It may be an internal move, but Lions need a CB opposite Darius Slay

With free agency approaching (March 14), we're analyzing the defensive backs with the Detroit Lions.

2018 cap hits of top returnees:

S Glover Quin: $6,516,666

CB Darius Slay: $6,126,269

CB/S Quandre Diggs: $1,933,838

CB Teez Tabor: $1,096,131

S Miles Killebrew: $774,641

CB Jamal Agnew: $619,594

Pending free agents: CB: Nevin Lawson, D.J. Hayden. S: Tavon Wilson, Don Carey.

Key stat: Slay, Quin and Diggs -- three probable starters in 2018 -- had 14 combined interceptions last season, led by eight from the Pro Bowler Slay.

Money matters: Detroit is locked into its top corner (Slay) and safety (Quin) for the foreseeable future. Both have come at a reasonable price considering their talents, too. Otherwise, it’s a group that doesn’t have a lot of money tied into it. Diggs is in the final year of his contract and is an interesting player because he took so well to his move to safety in the middle of last season. If he continues there -- and continues playing well -- he could be in line for a bigger extension number.

Big picture: This is a position of depth and strength for Detroit at this point in the year. The Lions have stars at both positions and an emerging player in Diggs. Both Tabor and Agnew took steps forward toward the end of their rookie years -- Tabor both on the outside and in the slot and Agnew in the slot.

If Detroit can turn Agnew into a good slot corner along with his All-Pro level at returner, he becomes an incredibly valuable piece. Detroit has good depth here, too, with Miles Killebrew and Charles Washington at safety. That said, the Lions could use some help.

The game plan: This would seem like a free agency play at cornerback and either a free agency or mid-to-late draft play at safety. Wilson, a free agent, played for new coach Matt Patricia in New England and found a strong role with the Lions at strong safety. He was having a good year before his injury opened the opportunity for Diggs. If he comes back, the Lions have a good group of four/five at safety, but he might have played well enough for another team to throw him some good money.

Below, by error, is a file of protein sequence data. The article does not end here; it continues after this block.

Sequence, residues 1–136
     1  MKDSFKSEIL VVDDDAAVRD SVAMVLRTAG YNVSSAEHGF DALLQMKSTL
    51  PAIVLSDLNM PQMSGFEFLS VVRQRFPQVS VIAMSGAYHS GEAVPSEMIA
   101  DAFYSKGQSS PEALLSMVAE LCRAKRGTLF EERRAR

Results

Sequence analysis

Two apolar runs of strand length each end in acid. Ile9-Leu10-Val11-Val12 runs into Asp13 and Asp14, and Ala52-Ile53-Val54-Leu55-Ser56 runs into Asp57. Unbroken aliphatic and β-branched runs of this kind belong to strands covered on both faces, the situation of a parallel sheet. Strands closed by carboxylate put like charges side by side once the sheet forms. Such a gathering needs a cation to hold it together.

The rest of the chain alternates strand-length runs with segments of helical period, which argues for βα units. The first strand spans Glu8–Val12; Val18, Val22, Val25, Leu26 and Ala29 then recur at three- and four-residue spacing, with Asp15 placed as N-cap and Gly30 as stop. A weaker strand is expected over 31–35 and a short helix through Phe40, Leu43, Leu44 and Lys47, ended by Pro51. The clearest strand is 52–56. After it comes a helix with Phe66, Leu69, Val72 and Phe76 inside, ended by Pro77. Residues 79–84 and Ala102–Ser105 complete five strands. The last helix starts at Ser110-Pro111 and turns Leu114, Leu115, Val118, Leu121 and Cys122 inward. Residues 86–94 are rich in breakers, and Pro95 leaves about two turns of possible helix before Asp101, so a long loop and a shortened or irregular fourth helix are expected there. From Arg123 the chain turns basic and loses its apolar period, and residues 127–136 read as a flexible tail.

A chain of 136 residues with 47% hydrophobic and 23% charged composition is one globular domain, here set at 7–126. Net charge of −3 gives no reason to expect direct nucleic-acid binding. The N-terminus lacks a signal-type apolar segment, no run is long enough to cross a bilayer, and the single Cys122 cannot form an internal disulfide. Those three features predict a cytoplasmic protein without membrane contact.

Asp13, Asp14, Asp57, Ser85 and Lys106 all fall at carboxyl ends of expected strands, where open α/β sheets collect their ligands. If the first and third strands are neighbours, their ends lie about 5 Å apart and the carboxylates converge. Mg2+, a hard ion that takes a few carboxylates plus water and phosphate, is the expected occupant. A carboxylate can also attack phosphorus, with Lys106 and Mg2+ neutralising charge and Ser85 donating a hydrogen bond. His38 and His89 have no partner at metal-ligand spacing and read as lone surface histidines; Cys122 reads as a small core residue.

Likewise, it wouldn’t be surprising to see Detroit bring back either Hayden or Lawson (but likely not both) to compete with Tabor for the starting corner spot. Both Hayden and Lawson also have nickel/dime flexibility, which could increase their value to the Lions. Remember, before Lawson won the outside job, he was initially expected to become a nickel. Hayden, meanwhile, had a year with new Lions defensive backs coach Brian Stewart at the University of Houston.

As far as free agents, Malcolm Butler and Trumaine Johnson are the big names at corner but likely would be too expensive for Detroit. Butler’s connection to Patricia, though, makes it interesting, and if the Lions signed either player, that secondary could be considered among the best in the NFL.

As far as cheaper options, Johnson Bademosi -- who was traded from Detroit to New England last year -- is a free agent and could theoretically return. He would be an immediate special teams contributor and resume his role as a depth corner. Sterling Moore is another mid-range type of player with experience and ties to Patricia (he was with the Patriots in 2011 and 2012). Both of these players would be considered more for depth options.

If the Lions want to find a starter -- or a player to compete with Tabor and Agnew -- Philadelphia’s Patrick Robinson could be an option along with the Rams’ Nickell Robey-Coleman, Pittsburgh’s Ross Cockrell and Arizona’s Justin Bethel.

Safety, for now, is not a big need for Detroit, but if Wilson departs, a special-teams-first player like New England’s Nate Ebner or a reunion with former Lion Rafael Bush could make sense. In the draft, a player like Virginia Tech’s Terrell Edmunds, San Diego State’s Kameron Kelly or Penn State’s Marcus Allen could be depth pieces that the Lions could develop into a starter for whenever Quin retires or if Diggs moves on after 2018.